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Xipe Totec

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Current location: The Republic of Texas
Member since: Thu Apr 8, 2004, 06:04 PM
Number of posts: 43,709

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Aftermath November 2016 - Tess Rafferty

Here's how many Texans have voted early in the 2020 general election in the state's biggest counties

Through Oct. 18, the sixth day of early voting for Texans in the 2020 general election, 2,446,094 people had voted in person and by mail in Texas’ 10 largest counties— 25.2% of registered voters in those counties. According to the latest figures reported by the secretary of state before the 2020 general, 57.3% of registered voters live in these 10 counties.


According to Rachel Maddow tonight, 24% of ALL Texans have already voted as of today.

The good news is I don't have Covid-19

The bad news is we're having to toss out the chicken we just thawed because it went bad in the freezer.

I could tell by smell.

Christopher Columbus Kraft

Let us not forget those who were inspired by the idea of exploration. The dream of human advancement. And who in turn inspired so many of us.

Christopher Columbus Kraft Jr. (February 28, 1924 – July 22, 2019) was an American aerospace engineer and NASA engineer and manager who was instrumental in establishing the agency's Mission Control operation. Following his graduation from Virginia Polytechnic Institute and State University in 1944, Kraft was hired by the National Advisory Committee for Aeronautics (NACA), the predecessor organization to the National Aeronautics and Space Administration (NASA). He worked for over a decade in aeronautical research before being asked in 1958 to join the Space Task Group, a small team entrusted with the responsibility of putting America's first man in space. Assigned to the flight operations division, Kraft became NASA's first flight director. He was on duty during such historic missions as America's first crewed spaceflight, first crewed orbital flight, and first spacewalk.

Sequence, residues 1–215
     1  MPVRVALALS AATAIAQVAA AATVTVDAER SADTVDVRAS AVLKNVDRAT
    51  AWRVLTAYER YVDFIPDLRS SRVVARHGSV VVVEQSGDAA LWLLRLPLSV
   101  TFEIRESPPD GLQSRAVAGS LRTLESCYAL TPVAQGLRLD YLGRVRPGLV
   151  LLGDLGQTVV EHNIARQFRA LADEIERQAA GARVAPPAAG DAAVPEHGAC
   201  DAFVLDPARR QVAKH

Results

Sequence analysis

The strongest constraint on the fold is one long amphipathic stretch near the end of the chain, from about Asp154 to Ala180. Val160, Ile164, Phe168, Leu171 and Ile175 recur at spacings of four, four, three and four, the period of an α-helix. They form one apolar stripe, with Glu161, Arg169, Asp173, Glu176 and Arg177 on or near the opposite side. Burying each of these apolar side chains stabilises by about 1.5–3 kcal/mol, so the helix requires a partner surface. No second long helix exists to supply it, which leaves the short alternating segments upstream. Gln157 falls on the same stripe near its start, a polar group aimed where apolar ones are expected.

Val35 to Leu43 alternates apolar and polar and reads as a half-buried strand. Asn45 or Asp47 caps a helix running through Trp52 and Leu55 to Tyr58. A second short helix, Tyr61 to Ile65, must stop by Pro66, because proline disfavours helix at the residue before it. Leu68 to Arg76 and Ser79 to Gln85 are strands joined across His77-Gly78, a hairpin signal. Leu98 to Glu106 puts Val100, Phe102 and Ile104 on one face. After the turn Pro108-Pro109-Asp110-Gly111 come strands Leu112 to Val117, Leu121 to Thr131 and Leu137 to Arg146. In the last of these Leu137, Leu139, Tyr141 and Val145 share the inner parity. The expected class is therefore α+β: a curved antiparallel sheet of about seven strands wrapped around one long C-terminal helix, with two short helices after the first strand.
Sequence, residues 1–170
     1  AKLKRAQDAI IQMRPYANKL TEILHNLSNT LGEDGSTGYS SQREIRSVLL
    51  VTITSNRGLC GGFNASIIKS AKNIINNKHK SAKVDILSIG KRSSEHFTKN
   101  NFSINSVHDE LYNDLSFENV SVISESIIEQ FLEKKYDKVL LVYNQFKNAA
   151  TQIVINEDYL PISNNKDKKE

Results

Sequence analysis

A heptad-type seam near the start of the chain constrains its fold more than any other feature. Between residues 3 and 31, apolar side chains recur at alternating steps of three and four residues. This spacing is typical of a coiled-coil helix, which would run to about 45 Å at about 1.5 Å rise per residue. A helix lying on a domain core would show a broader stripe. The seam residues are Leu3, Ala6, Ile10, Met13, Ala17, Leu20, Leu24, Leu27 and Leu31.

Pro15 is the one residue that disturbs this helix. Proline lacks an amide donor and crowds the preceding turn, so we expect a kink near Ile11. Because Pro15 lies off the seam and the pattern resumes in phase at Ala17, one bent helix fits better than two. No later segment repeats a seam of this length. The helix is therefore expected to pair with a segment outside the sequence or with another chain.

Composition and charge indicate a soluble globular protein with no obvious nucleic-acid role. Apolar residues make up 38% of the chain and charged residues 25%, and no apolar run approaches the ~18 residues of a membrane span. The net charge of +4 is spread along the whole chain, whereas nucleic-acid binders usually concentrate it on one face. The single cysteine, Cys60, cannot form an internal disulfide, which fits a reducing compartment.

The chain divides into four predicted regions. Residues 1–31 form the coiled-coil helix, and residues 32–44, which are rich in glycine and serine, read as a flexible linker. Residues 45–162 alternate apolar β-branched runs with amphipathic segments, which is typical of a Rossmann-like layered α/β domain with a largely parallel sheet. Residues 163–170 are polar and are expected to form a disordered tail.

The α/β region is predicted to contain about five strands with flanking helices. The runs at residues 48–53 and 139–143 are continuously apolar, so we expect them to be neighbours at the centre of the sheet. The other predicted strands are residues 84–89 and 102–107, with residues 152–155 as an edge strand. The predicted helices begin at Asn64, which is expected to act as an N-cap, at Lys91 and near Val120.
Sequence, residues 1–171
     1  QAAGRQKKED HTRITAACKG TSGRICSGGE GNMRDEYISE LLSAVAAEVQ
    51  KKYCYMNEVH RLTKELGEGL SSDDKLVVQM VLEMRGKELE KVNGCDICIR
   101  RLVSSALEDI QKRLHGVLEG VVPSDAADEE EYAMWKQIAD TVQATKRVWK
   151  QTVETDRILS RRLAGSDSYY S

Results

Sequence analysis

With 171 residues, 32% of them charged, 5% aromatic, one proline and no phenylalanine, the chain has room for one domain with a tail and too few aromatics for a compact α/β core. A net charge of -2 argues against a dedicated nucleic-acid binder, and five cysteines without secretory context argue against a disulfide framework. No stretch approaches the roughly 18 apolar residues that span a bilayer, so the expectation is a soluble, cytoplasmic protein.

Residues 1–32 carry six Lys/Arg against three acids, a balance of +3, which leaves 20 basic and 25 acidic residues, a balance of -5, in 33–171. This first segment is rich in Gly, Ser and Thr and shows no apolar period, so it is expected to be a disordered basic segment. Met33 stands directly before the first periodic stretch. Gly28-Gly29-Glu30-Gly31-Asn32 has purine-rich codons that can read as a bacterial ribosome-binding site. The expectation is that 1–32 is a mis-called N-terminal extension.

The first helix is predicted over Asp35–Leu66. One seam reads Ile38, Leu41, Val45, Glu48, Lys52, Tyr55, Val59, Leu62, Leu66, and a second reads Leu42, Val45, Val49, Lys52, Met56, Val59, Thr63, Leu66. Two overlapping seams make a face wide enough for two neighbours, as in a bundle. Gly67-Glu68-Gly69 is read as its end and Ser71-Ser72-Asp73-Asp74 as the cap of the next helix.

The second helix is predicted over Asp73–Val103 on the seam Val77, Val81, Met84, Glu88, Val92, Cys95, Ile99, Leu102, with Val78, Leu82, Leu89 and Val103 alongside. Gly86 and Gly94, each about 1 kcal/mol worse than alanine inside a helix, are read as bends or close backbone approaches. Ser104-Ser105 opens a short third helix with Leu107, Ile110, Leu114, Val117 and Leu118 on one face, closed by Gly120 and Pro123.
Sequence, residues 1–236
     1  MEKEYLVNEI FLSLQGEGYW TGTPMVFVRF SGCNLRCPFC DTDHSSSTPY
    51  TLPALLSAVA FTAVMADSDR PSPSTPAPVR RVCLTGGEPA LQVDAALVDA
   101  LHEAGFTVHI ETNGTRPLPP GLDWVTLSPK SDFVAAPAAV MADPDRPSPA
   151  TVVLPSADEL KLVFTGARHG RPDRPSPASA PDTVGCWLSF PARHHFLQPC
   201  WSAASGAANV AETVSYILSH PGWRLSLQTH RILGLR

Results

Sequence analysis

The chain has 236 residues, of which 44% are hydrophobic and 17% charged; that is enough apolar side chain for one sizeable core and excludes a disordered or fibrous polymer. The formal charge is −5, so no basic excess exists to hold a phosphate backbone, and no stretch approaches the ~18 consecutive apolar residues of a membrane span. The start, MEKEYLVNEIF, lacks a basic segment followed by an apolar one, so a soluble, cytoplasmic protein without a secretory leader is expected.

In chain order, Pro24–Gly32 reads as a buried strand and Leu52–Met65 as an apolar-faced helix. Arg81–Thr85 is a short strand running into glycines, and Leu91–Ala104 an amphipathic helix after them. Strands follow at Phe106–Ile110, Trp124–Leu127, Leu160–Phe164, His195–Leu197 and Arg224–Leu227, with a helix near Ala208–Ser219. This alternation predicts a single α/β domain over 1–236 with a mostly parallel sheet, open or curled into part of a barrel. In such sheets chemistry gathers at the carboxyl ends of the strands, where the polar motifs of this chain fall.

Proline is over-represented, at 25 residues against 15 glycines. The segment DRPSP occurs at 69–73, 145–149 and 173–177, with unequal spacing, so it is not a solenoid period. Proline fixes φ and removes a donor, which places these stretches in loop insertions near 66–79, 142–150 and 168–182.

At the beginning of the Apollo program, Kraft retired as a flight director to concentrate on management and mission planning. In 1972, he became director of the Manned Spacecraft Center (later Johnson Space Center), following in the footsteps of his mentor Robert R. Gilruth. He held the position until his 1982 retirement from NASA. During his retirement, Kraft consulted for numerous companies, including IBM and Rockwell International, and published an autobiography entitled Flight: My Life in Mission Control.

More than any other person, Kraft was responsible for shaping the organization and culture of NASA's Mission Control. As his protégé Glynn Lunney commented, "the Control Center today ... is a reflection of Chris Kraft."[1] In 2011, the Mission Control Center building was named after him. When Kraft received the National Space Trophy from the Rotary Club in 1999, the organization described him as "a driving force in the U.S. human space flight program from its beginnings to the Space Shuttle era, a man whose accomplishments have become legendary."


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